This comments imply that the behaviour of the children in class affect relationships in class. This may impact negatively on children’s learning. Teachers may end up hating the child and thus rarely work closely with that child. That is why many teachers rate children’s academic performance as average.

One teacher in school W said-: ‘Whenever I give them test the child scores averagely (50%)…even the child seems to have a higher potential, they usually score below their potential ‘Another teacher in school S had this to say-: This child is not serious in the performance….he has a lot of play… if he is serious, he can do well’’ Another one stated the following ‘I can say that the child’s performance is average…he is usually scoring in 50s whenever I give them a test…’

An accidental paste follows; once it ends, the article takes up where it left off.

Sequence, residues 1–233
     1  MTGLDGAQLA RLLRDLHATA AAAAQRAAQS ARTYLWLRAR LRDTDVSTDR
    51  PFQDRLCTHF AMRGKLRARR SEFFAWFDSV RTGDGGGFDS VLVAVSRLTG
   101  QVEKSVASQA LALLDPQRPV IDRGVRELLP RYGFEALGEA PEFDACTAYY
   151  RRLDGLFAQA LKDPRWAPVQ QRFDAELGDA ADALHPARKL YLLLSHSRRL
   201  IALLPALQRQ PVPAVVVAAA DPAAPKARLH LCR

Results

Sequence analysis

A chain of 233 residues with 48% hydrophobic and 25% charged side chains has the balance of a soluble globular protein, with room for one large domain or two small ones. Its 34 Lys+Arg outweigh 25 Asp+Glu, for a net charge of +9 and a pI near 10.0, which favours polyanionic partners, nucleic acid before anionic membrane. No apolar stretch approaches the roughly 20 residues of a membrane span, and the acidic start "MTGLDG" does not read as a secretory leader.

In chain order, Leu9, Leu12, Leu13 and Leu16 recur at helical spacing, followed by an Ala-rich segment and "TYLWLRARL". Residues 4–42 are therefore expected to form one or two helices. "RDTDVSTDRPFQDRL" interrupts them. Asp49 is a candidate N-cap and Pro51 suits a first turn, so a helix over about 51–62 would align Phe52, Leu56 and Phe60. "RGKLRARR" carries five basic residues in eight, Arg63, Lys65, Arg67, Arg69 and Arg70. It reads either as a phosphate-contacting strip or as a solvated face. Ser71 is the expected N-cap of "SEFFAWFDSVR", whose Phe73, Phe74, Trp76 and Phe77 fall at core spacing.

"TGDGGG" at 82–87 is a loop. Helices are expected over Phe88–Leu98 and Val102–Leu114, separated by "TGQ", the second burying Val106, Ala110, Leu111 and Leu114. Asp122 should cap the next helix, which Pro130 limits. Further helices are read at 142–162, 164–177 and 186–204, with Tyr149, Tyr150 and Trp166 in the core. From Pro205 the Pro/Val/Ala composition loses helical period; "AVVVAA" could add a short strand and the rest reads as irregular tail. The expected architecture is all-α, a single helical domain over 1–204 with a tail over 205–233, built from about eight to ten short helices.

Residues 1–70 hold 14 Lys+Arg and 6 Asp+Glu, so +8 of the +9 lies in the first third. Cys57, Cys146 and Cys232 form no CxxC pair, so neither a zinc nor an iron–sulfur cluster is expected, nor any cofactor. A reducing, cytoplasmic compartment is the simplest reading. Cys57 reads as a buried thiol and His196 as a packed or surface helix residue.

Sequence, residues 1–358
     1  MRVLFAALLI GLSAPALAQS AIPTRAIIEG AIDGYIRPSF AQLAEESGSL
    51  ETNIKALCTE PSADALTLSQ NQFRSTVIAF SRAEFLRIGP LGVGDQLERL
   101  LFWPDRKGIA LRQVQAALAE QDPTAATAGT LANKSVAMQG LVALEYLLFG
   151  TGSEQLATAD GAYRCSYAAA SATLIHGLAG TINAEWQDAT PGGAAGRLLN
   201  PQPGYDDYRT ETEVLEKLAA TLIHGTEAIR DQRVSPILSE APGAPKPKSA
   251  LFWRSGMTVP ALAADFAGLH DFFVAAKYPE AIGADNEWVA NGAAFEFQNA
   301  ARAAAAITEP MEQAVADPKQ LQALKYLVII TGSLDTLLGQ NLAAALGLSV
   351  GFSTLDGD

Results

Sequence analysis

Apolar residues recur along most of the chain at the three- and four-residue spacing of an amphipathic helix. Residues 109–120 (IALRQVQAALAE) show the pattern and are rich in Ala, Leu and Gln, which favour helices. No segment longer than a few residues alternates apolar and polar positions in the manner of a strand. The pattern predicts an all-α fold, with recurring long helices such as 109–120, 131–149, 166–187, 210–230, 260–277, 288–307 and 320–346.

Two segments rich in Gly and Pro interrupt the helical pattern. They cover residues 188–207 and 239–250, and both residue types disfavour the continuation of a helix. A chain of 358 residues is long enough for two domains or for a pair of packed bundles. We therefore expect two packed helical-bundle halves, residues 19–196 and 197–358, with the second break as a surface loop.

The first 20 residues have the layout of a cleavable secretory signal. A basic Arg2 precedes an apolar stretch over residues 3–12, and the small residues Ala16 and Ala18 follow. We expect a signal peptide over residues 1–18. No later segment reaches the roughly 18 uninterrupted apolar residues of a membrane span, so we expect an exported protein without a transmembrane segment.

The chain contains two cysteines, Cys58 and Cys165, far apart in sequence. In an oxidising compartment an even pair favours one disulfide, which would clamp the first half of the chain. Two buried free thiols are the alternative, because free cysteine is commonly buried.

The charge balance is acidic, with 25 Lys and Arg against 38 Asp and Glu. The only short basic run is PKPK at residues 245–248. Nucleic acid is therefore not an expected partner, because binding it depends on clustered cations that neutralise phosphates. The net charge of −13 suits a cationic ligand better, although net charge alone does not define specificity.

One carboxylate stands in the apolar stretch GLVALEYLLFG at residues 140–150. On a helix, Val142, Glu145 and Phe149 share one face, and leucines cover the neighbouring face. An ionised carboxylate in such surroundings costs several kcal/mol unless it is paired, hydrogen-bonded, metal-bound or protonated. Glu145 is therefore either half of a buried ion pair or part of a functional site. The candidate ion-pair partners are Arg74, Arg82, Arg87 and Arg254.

Children with aggressive behaviours have issues with school attendance. The children tend to miss school regularly. One teacher commented as follows-: “The child is irregular in coming to school…misses up to three days per week…sometimes he misses for the whole week…when asked why he missed school, he does not have a serious reason…and sometimes he does not respond.” Another teacher in school Y commended as follows-: “This child comes to school only twice per week……” Another one in school W said-: “He comes to school only during examination time…they only do the exam and end up not doing well…”